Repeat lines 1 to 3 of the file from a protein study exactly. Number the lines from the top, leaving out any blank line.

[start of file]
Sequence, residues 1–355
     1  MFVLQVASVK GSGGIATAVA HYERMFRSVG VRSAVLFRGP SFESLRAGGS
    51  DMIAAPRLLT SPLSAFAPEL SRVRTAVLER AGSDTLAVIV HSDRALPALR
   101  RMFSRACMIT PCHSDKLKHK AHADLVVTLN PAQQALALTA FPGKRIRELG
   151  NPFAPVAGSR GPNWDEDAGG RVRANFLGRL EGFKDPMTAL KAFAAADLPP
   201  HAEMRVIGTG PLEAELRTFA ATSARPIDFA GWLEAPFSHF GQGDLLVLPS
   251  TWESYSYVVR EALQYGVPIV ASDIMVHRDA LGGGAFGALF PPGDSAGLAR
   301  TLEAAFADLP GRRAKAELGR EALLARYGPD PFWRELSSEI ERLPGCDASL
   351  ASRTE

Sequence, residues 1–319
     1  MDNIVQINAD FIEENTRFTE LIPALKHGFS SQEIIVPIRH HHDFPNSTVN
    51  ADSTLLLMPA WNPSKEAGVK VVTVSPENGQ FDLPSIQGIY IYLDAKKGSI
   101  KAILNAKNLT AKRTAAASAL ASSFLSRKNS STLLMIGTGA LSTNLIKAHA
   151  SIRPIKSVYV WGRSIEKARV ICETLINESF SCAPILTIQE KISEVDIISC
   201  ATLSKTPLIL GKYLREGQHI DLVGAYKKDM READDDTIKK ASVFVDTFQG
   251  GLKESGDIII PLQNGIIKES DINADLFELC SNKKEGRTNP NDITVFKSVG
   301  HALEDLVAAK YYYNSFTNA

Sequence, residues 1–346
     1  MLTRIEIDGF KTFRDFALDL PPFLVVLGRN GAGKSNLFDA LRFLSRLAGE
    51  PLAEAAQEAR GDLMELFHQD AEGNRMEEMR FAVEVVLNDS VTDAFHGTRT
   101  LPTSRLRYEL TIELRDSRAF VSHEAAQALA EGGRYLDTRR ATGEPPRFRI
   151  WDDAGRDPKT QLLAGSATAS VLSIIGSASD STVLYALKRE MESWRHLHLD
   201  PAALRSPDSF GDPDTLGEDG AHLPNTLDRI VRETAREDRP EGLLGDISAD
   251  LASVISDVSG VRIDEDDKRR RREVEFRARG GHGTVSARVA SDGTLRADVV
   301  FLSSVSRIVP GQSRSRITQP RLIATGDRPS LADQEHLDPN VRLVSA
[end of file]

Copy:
Sequence, residues 1–355
     1  MFVLQVASVK GSGGIATAVA HYERMFRSVG VRSAVLFRGP SFESLRAGGS
    51  DMIAAPRLLT SPLSAFAPEL SRVRTAVLER AGSDTLAVIV HSDRALPALR